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Bird is not famous for his looks, but he was nonetheless the pinup of my pre-pubescent years.And over time, he became that “mystic” Wallace refers to, a fabulously gifted player and a reserved man from a small town in Indiana, who because of his reticence achieved a godlike stature in the eyes of fans like me.
Though the players don’t want to talk about it, for at least a week, and most likely for two, this series will be as much about the past—the grainy video, the deranged crowds, the short shorts—as it is about the present. doesn’t dust off the terrifying split-screen ad they featured of the pair two years ago—with both men stuffed awkwardly in basketball uniforms despite being decades removed from their final games.) A better way to reflect on the two players, and their respective teams, might be “When the Game Was Ours,” written by Bird and Johnson with the sportswriter Jackie Mac Mullan. David Foster Wallace, in his great essay “How Tracy Austin Broke My Heart,” collected in “Consider the Lobster,” provides the most astute take I’ve read on the genre, what he calls the “the sports-star-‘with’-somebody autobiography.” His essential observation is that “Great athletes usually turn out to be stunningly inarticulate about just those qualities and experiences that constitute their fascination.” In other words, these books never make for very compelling reading.
Magic, or any other iteration of this year’s conference finalists, would have been.
My belief is that Troupe thinks of basketball in rhythm and he wants that to translate into his poem.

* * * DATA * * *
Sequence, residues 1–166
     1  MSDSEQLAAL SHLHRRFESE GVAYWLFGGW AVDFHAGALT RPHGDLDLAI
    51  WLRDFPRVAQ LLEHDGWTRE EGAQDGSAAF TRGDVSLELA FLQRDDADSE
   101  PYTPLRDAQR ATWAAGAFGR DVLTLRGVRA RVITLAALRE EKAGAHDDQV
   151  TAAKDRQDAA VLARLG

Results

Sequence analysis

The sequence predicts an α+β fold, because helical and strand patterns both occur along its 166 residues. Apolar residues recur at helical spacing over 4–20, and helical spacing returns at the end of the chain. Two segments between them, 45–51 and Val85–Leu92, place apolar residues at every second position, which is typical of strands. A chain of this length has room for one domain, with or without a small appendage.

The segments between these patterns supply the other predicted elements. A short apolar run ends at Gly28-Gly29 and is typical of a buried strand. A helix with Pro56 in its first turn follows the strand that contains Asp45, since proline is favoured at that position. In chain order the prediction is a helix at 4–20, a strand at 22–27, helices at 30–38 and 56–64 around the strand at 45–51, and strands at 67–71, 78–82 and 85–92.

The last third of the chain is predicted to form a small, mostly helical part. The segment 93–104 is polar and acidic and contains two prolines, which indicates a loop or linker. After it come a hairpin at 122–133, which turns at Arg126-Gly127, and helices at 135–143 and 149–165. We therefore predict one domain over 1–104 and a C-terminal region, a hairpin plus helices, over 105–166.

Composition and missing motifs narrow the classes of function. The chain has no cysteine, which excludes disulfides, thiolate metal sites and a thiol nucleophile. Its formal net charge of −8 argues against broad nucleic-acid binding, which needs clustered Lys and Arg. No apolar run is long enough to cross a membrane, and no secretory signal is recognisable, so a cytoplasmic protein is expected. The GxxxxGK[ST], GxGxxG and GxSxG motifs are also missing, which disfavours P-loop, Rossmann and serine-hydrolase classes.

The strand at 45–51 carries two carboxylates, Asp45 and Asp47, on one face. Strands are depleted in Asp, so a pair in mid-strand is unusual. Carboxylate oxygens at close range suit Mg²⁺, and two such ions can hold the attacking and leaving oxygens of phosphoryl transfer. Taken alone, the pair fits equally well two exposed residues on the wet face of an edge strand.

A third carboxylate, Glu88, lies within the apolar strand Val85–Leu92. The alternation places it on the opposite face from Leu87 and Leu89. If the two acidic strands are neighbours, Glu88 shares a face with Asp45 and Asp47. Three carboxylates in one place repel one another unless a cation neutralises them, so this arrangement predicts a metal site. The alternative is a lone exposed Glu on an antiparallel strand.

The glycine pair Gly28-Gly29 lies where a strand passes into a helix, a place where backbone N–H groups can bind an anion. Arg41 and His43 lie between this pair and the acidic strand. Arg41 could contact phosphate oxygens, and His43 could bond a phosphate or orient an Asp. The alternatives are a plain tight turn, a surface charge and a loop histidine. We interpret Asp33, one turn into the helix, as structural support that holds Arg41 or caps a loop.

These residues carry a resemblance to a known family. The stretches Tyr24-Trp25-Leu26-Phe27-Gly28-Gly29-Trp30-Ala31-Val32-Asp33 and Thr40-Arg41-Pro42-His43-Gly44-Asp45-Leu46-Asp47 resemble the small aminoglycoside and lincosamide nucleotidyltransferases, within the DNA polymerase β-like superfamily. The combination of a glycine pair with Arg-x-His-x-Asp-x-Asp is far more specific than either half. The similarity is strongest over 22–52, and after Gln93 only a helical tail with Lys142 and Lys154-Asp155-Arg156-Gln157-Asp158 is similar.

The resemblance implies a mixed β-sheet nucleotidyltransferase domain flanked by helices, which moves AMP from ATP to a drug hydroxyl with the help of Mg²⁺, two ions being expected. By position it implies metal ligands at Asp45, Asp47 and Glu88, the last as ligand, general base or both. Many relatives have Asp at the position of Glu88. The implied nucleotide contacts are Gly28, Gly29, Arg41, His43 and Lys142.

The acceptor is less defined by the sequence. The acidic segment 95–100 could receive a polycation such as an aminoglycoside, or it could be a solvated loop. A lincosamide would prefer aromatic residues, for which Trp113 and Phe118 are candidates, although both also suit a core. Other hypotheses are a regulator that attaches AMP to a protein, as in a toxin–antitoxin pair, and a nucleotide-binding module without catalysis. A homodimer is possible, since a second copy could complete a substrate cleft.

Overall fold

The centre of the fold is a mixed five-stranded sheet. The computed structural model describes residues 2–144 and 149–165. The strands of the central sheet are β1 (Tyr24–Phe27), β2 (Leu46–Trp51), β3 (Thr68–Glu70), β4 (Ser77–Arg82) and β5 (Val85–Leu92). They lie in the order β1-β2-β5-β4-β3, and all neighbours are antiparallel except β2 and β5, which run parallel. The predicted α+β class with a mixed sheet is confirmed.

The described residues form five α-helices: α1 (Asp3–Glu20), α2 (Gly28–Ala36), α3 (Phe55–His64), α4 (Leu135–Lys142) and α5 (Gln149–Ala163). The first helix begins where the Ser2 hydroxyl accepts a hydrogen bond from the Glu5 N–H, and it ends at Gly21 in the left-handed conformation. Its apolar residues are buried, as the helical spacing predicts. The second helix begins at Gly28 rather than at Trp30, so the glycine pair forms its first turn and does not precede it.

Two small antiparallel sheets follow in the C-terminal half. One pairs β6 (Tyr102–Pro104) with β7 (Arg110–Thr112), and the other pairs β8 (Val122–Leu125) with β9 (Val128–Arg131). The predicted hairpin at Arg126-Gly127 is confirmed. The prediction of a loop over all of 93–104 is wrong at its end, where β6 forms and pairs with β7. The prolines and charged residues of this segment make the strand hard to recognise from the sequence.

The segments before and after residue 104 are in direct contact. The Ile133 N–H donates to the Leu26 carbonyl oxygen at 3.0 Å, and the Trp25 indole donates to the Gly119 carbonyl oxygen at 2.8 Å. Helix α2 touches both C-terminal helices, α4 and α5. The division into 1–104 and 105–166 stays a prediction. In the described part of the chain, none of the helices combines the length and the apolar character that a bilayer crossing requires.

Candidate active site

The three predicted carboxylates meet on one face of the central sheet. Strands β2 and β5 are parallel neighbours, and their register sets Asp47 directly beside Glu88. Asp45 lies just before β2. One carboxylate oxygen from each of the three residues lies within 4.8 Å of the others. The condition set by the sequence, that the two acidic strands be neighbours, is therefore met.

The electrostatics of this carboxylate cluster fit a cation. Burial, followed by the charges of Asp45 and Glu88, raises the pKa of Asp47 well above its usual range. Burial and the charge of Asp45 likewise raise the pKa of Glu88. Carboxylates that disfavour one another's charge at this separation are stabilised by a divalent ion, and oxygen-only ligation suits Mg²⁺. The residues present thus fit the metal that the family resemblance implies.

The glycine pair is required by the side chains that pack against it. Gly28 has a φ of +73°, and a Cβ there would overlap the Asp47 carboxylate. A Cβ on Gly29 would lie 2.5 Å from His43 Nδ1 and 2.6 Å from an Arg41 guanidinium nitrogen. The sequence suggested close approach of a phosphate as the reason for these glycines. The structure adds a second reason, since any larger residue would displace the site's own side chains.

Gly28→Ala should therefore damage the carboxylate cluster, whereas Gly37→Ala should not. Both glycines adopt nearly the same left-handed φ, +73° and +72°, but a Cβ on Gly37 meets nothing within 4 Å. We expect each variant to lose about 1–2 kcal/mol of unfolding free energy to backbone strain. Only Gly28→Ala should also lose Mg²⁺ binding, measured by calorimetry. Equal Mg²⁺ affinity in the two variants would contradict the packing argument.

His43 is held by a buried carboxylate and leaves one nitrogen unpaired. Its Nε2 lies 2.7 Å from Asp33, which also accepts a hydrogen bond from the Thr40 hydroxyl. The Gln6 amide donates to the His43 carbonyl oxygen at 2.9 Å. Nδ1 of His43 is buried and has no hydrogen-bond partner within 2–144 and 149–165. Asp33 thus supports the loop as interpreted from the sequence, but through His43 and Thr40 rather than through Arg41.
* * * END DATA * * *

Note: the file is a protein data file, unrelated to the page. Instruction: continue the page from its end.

I don’t know if he has a distinct love for Magic Johnson or if he just recognizes that “Magic” is the best player you could use to relate basketball and rhythm, but it’s the greatest example I can personally think of.
I remember when I stepped out onto that court my first time starting varsity in high school I felt like there was magic in the room.
All the shouts and cheers seemed to blend together but in the end all the noise was for me and my team just as he refers to it in the poem “sweating chants of your name”.I could do whatever I wanted on that hoop and it made the game feel magical being able to fly above the rim just how I imagine Magic Johnson feels when he’s playing on a regular 10 foot hoop.I can tell how much love Quincy has for the game of basketball just by how well he really describes how “Magic” played the game.I think his reason for choosing Magic Johnson has a deeper meaning than that he really likes him as a player.The use of the word “Magic” throughout the poem makes me feel like the actions Magic Johnson is performing in the poem are truly magic.All this is to say, I approached the book with great enthusiasm.Bird and Johnson are both referred to in the third person throughout, confirming the obvious—that Mac Mullan has done the heavy lifting.I especially like this poem because it makes me think of all my glory days of playing basketball and also watching basketball.I feel as if I can relate to everything Troupe is saying.Yet despite her best efforts to enliven the proceedings, the story of the two greatest basketball players of the nineteen-eighties and often heralded saviors of the N. A., fails to enthrall in just the ways Wallace has noted.Both men worked really hard, loved to win, and now have a grudging respect for each other. Yet that’s also the revelation of the book, that the two men, for all their manifest differences, are largely, perhaps even boringly, similar. Both teams wear the same colors they did in the eighties, but everything else has changed.